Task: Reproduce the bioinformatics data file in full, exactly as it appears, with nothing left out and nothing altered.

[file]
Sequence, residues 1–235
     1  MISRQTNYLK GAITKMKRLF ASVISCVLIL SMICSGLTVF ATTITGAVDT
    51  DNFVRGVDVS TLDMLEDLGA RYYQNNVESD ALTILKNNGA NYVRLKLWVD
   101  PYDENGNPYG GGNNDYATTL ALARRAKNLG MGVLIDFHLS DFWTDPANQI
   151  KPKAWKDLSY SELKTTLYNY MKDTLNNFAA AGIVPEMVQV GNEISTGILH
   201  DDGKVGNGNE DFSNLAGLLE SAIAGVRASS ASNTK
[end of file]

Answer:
Sequence, residues 1–235
     1  MISRQTNYLK GAITKMKRLF ASVISCVLIL SMICSGLTVF ATTITGAVDT
    51  DNFVRGVDVS TLDMLEDLGA RYYQNNVESD ALTILKNNGA NYVRLKLWVD
   101  PYDENGNPYG GGNNDYATTL ALARRAKNLG MGVLIDFHLS DFWTDPANQI
   151  KPKAWKDLSY SELKTTLYNY MKDTLNNFAA AGIVPEMVQV GNEISTGILH
   201  DDGKVGNGNE DFSNLAGLLE SAIAGVRASS ASNTK